For those desiring mass transit in Carmel, they might be waiting at the bus stop for a long time.
The IndyExpress bus recently ended its route to Carmel on Dec. 19. The options now for Carmel residents who want to use public transportation are limited to van pools and ride share programs.
People want to know: “Why did it fail?” and “Will we ever have mass transit in Carmel?”
Last week, we looked at the first question and this week we’ll peer into the future.
WHAT’S THE FUTURE OF MASS TRANSIT?
“I think the future of mass transit is still strong if we can get a better system in place,” Finkam said.
One reason that Carmel could build a community that is interested in public transportation is the growth of a dense urban core. New condominiums in the Midtown area, along with fairly new developments such as the Carmel City Center and Sophia Square, might create a clientele that not only wants a walkable city, but somewhere they can commute by bus.
“I look at those new developments as a big reason why Carmel should be a stop,” said Andrew Gast-Bray, executive director of the Central Indiana Regional Transportation Authority, which manages the IndyExpress bus.
Although CIRTA has pulled the plug on their Carmel route for the time being, Gast-Bray said it doesn’t mean they are giving up on the area. He said the conversation is “far from over.”
In fact, Gast-Bray said if he had more time he would have liked to come to the Carmel City Council with a plan to reinvigorate the service. But that might have cost more than the $30,000 the Council had previously approved.
Although there is a customer base in Carmel that might be interested in taking the bus, the problem is that these are choice riders who don’t see mass transit as a necessity. They can afford to drive a car but they like the idea of helping the environment and being able to work on a laptop while commuting. To appeal to these customers means amenities: Wi-Fi, comfortable seats, affordable rates and flexible routes. It’s not cheap to appeal to a choice rider, but Gast-Bray said it could boost all forms of ridership.
“When you cater to a choice rider, you actually cater to everybody,” he said.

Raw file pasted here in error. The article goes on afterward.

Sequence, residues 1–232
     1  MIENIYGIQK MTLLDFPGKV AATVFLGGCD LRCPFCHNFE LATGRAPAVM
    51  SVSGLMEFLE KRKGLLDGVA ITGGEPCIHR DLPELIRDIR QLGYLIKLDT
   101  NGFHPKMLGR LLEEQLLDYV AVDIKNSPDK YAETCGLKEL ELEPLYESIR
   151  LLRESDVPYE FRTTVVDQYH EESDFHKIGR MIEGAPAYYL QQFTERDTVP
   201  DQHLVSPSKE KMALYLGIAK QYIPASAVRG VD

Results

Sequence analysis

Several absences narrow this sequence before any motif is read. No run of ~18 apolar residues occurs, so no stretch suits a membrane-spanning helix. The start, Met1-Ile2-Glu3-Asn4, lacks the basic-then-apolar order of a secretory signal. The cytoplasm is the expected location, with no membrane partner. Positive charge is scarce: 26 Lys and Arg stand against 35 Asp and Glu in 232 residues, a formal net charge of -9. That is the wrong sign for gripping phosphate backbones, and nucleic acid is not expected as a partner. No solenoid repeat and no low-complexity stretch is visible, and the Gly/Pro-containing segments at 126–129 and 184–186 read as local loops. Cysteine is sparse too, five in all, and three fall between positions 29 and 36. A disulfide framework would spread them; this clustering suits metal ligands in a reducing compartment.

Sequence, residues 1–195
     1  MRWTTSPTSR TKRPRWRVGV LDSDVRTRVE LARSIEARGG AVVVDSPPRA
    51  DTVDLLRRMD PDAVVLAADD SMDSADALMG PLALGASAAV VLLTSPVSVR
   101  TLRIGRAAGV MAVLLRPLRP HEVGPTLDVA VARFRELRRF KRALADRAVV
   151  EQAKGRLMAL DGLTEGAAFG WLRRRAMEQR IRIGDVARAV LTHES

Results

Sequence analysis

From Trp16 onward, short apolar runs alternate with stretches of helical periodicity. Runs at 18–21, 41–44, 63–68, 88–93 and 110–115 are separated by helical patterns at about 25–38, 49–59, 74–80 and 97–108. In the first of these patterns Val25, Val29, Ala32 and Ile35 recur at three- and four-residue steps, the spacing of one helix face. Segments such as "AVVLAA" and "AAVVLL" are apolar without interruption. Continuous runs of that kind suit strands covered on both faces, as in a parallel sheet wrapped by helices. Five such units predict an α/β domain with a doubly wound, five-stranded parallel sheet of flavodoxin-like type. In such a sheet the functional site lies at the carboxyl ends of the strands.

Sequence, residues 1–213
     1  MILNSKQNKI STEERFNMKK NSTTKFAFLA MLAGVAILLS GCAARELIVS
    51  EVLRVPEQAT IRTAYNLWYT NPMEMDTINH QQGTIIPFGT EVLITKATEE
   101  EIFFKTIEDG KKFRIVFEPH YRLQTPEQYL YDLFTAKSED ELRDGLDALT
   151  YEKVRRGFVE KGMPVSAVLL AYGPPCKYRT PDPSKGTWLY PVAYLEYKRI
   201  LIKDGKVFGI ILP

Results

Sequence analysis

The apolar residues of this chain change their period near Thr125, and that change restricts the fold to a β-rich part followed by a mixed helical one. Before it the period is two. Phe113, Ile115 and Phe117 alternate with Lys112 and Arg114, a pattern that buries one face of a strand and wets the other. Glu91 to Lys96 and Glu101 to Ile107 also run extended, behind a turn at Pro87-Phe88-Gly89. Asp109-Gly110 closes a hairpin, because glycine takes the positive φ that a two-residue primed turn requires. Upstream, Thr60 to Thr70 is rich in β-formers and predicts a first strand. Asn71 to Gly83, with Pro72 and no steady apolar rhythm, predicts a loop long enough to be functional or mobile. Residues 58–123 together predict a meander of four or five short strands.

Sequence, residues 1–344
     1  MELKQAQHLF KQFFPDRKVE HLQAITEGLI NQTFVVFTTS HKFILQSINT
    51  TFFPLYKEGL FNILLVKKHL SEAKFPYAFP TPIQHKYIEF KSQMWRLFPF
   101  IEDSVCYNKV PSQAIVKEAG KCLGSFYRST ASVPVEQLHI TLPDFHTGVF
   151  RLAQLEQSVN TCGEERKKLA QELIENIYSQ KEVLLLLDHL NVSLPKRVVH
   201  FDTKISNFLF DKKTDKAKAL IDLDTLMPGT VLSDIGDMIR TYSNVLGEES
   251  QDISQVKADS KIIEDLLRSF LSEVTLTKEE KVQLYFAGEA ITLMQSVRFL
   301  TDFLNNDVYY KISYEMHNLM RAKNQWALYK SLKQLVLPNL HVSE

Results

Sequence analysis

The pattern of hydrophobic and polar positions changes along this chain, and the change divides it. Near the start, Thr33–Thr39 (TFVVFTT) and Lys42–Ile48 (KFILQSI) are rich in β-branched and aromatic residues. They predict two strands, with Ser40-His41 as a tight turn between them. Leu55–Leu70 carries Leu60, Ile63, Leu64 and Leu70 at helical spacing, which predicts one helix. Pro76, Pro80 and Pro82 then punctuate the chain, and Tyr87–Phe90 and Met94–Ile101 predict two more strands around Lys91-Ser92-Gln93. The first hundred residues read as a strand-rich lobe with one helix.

There are several different agencies that work with mass transit. CIRTA was the one that dealt with Carmel because IndyGo hasn’t been able to expand beyond the Marion County borders yet.
One issue that keeps coming up in the talks of expanding IndyGo across county lines is the idea of a “commuter tax.” This is mentioned as a major way that IndyGo could fund an expansion of mass transit across county lines.
Indianapolis business leaders have developed the idea that people who live in surrounding counties – but commute to work in Indianapolis – should pay a tax because they drive on Marion County roads and put wear-and-tear on the infrastructure.
But even mentioning the commuter tax in conversations about mass transit makes some Carmel leaders very nervous. City Councilor Ron Carter said it has hurt discussions.
“This tax makes this conversation not just a little more uncomfortable, but very uncomfortable,” he said. “I can’t vote for an easier method to export our taxes via a commuter tax.”
There’s talk of a referendum on the ballot in 2016 to determine if taxpayers want to pay for mass transit between Carmel and Indianapolis.
“Without saying whether it should or shouldn’t be done, I think that will be a good public discussion,” Carmel Mayor Jim Brainard said.
In the meantime, Gast-Bray said he’s coming up with other options to serve Carmel residents. He said van pools have “stepped up big time to fill the need” and there’s a ride-share program available on CIRTA’s Web site.